She was, therefore, the complete package. I wondered how someone this bent over from life at 33 would describe herself on a dating website. 
I could have gotten up out of my chair and simply left. But I was torn between the idea of getting a good haircut from someone who at least gave one the illusion of care, and staying to find out where this brief entanglement might lead. Songs and stories, after all, are gifts from the unknown.
The cardboard dude left all-but in tears. His face was red. I looked at it. His eyes told me "leave while you can." I smiled, waved, and eased back into the chair. 
The witch did not attend to me next. She slipped outside for a cigarette, then came back in and swept up the cuttings from cardboard man. I waited, I understood her needs. 
It was all about power. Control. Winning every minute of life by whining on about it, complaining til somebody says, or everybody says "so sorry..." 
She wanted me to be annoyed, impatient for her to get to me. I couldn't have cared less. Take all day, i thought. I'm on summer break.
Finally she approached me from behind and said: "Hair wash is over there"
"No wash," I said. "Just a cut."
She moaned and said "I don't speak English. Only Italian or German."
I said: "You navigated your way through that entire sentence pretty well for a non-english speaker."
In German I repeated: No wash, Just a cut. 
I showed her how much I wanted off. 
She groaned and rolled her eyes: wwwhhhhhhrrrrrrrrrrrrr cacluck!.
"Number 12?" she spat.
I nodded. "But only if you really want to cut my hair..."
She turned red. "Of course! I am here aren't I? I'm not at home, of course I want to cut your hair."
"One would assume so," I said. "But you don't give the impression of being interested in being here at all." 
She threw her hands in the air and said something in Italian. 
I thought: This is my final chance to leave. 
But I let it go on. My curiosity had the upperhand. I already knew we were gonna have a disagreement about the price of the cut at the end. And I knew she was gonna moan and groan and whine and slouch her way through the entire ordeal. I kept wishing she would at least stand up straight.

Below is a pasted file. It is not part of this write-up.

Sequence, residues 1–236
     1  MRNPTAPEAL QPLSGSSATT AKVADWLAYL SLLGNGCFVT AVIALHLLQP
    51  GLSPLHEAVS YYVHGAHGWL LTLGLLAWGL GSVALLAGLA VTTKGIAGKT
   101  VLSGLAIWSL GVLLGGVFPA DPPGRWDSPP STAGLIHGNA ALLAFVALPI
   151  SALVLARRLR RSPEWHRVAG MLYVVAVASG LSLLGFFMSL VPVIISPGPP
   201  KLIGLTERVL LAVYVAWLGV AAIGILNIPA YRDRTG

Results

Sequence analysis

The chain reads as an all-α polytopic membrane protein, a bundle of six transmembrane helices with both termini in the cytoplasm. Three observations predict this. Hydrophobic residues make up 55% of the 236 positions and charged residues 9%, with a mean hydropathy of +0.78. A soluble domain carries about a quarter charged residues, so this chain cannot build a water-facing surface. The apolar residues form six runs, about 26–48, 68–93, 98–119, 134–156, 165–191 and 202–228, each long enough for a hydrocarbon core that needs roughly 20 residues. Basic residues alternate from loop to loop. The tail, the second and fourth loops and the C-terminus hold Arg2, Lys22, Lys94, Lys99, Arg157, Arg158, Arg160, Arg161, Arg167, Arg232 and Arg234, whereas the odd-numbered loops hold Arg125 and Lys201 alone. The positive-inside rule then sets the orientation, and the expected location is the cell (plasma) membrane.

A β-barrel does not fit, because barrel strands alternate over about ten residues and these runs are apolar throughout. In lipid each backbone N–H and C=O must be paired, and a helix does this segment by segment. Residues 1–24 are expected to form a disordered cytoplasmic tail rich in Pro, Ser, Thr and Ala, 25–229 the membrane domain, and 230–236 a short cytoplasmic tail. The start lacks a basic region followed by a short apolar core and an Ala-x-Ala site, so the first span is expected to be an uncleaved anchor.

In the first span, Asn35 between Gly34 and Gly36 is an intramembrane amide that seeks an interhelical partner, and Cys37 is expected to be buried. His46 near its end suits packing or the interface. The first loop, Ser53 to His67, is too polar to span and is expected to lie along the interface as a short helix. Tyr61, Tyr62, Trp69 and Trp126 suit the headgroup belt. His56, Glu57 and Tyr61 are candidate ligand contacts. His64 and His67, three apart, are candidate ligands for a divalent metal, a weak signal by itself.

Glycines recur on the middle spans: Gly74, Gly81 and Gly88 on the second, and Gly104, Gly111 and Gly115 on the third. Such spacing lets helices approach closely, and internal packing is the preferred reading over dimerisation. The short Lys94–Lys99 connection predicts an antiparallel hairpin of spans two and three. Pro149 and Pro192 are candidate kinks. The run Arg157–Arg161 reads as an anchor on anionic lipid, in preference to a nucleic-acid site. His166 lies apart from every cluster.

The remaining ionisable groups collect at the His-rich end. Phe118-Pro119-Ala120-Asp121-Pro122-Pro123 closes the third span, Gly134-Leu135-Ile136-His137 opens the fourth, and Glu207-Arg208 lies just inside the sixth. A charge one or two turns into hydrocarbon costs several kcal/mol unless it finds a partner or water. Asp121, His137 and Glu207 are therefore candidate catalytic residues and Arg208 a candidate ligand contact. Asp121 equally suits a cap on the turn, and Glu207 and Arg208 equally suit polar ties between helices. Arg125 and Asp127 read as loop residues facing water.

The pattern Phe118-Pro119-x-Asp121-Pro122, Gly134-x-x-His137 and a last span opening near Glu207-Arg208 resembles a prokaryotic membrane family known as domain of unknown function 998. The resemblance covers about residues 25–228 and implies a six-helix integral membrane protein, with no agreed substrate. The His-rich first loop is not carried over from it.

So she took to me with the 12s. Except it wasn't the 12s. This, I decided to let go because it was part of her plan: to do it completely wrong, to do it badly, like she had with cardboard man and he had not even had the decency to confront her about it. This made her twice as determined to bring me to the boiling point. 
Once she'd done the sides she attacked the top and left whole stands of hair shooting up like clusters of bamboo in a golf course.
I smiled at her. This made her groan even louder. 
Then she took her scissors and comb to the first battleground - the sides. She'd already done them with the not-quite-12s. Now she was hacking into it with a sense of focus that would make Edward Scissor-Hands blush.
Finally she was about 1/3rd done and began blowing the hair out of my face and off my shoulders. She held the mirror up so I could see how she'd butchered my best side. 
She almost cackled as she asked "And?? How does it look?"
She expected me to explain that it just wasn't right yet. But I didn't.
"Cool," I lied. Then I began to stand up. 
She grabbed her blow dryer and started blowing loose hair down the back of my T-shirt cos she'd already removed the apron. 
"Perfect," I said, as my back and shoulders began to itch.
"Do you want some gel?" she spat, suddenly urgent cos she sensed losing a couple bucks.
"No," I said. "I just want to get out of here." 
"No products? No sprays?" she complained.
"None whatsoever," I said. "Let me pay so I can leave and never come back." 
"That's 24 euros," she said with a whine. 
"It's 23," I said. 
"No no no," she insisted. "It is always 24 euros."
"It's 23 Euros," I said. 
She moaned and groaned simultaneously and sort of coughed and said something witchcraft-like under her breath. "Look! There on the big posters on the window it says 24 euro. You see! It is always 24 Euro!"
"That's for a wash and a cut," I said. 
"It is 24 euros always, whether you have a wash or not," she lied. 
"Then moan me this," I said. "Why, on your huge poster, is there that item on the bottom that says "Cut only: 23 euros".